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Submission + - Physicists find new evidence for helium 'rain' on Saturn (sciencemag.org)

sciencehabit writes: Using one of the world’s most powerful lasers, physicists have found experimental evidence for Saturn’s helium “rain,” a phenomenon in which a mixture of liquid hydrogen and helium separates like oil and water, sending droplets of helium deep in the planet’s atmosphere. The results show the range of blistering temperatures and crushing pressures at which this takes place. But they also suggest that a helium rain could also fall on Jupiter, where such behavior was almost completely unexpected.

Submission + - 3D XPoint is more than it seemed

duckintheface writes: The public focus on the Intel /Micron technology called 3D XPoint has been about it's ability to supplant conventional SSD memory. But it seems that the companies have been under-selling the tech until they have all the legal issues wrapped up. http://bit.ly/1YhzSBg

The article provides an in-depth look at the underlying tech which indicates that 3D XPoint can also replace DRAM and processor chips. This new tech represents an ELE (Extinction Level Event) for computer hardware companies that are not named Intel or Micron.
Math

Submission + - Tou Pi Day (TP Day) (egfbt.com)

sacridias writes: A new movement is starting Tou Pi Day. Join us in making this movement real, we have a few months to get the word out and make the first Tou Pi day one to remember. The 1st TP day is scheduled for Jan 9th 2013.
Moon

Microwave Map of Entire Moon Revealed 82

Zothecula writes "The first complete microwave image of the Moon taken by Chinese lunar satellite Chang'E-1 has been revealed. Chang'E-1 is China's first scientific mission to explore planetary bodies beyond Earth and the on-board Lunar Microwave Radiometer has made it possible for the first time to globally map the Moon in microwave frequencies. Radar observations of the Moon are unable to provide thermal information, and microwave observations taken from Earth cannot reach the far side of the moon. So Chang'E-1's (CE-1) orbit was conducted at an altitude of 200km (124 miles) and allowed it to observe every location of the moon with a nadir view and at high spatial resolution."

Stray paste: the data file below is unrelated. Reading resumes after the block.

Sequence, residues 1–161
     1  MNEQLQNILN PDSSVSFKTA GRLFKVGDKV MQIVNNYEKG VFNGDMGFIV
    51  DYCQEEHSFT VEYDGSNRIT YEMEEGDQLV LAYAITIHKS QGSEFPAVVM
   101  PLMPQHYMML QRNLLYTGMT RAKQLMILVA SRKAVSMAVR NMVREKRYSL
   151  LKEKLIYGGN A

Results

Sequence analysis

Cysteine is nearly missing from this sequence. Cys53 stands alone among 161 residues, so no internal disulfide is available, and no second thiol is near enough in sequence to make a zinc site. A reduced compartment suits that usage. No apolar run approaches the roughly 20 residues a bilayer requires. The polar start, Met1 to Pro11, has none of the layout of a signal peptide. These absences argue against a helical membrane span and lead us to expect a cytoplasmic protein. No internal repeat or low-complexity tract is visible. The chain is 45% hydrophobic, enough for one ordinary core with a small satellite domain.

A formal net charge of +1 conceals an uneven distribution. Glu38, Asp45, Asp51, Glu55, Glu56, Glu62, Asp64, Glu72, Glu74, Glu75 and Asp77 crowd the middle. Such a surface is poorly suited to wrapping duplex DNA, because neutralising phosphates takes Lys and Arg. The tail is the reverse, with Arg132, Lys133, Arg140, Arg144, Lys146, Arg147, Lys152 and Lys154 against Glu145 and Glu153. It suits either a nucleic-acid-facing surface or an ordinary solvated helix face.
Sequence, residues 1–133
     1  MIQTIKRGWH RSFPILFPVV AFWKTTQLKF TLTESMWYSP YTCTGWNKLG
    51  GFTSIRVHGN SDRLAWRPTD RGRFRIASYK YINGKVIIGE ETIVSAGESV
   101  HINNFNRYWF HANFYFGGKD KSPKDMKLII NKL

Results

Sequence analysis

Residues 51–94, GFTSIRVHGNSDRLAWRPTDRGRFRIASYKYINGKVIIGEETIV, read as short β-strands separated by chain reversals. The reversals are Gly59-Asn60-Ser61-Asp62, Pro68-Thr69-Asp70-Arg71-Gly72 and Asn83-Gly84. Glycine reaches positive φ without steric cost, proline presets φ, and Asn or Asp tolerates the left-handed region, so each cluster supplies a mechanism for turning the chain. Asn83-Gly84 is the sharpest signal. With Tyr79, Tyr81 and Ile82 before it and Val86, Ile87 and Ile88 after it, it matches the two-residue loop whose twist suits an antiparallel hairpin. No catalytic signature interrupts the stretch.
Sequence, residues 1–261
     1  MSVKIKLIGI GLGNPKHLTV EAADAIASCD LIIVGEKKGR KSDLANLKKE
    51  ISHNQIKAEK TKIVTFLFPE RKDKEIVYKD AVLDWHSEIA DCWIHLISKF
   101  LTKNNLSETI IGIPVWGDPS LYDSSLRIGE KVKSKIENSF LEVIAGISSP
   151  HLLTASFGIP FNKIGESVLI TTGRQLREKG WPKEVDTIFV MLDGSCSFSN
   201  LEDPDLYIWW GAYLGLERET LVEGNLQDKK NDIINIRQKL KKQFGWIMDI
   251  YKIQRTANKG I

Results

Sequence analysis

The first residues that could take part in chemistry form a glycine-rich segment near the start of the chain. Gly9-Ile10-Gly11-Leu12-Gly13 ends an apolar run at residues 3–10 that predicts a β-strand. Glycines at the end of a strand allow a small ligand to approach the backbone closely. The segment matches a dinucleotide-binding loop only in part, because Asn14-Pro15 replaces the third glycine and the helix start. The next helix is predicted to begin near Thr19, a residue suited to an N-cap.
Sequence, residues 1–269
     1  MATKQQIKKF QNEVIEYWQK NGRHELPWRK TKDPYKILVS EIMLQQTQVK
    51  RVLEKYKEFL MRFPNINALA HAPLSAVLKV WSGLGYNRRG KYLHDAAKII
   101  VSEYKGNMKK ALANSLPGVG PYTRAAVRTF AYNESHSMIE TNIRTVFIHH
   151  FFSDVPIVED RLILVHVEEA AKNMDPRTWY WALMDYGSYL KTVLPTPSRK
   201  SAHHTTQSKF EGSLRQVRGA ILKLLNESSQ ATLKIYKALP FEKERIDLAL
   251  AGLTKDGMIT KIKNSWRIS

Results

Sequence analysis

KDE

Sneak Preview For Coming KDE SC 4.5 249

omlx writes "KDE SC 4.5 is in feature freeze right now. Therefore, I decided to share some early screenshots with you. In general there are no major changes; it's all about polishing and fixing bugs. There are a lot of under-the-hood changes in libs, which as end users we cannot see. KDE SC will be released in August 2010." Note: you can also try out a beta of the release now, if you'd like.
Education

Submission + - Important Lessons for the Next Gen of Geeks?

MrAndrews writes: "My kids have had a fairly geeky upbringing so far, learning the evils of DRM at a young age, configuring new drives of anime for XBMC, and Creative Commons licensing their crayon drawings. But I feel like there's more education I could be doing, so I'm planning to create a series of short digi-fables that will prime them for life. I've already done DRM, patents, censorship and bullying, but there are probably lots of other topics out there that need covering, like net neutrality. Or SQL injection. Or... stuff. I've heard rumours that Slashdot is a fairly geeky place, so I put it to you: what are the most important lessons you can teach a geek-in-training?"
Music

Submission + - Artists Attack RIAA after Thomas-Rasset Verdict (rollingstone.com)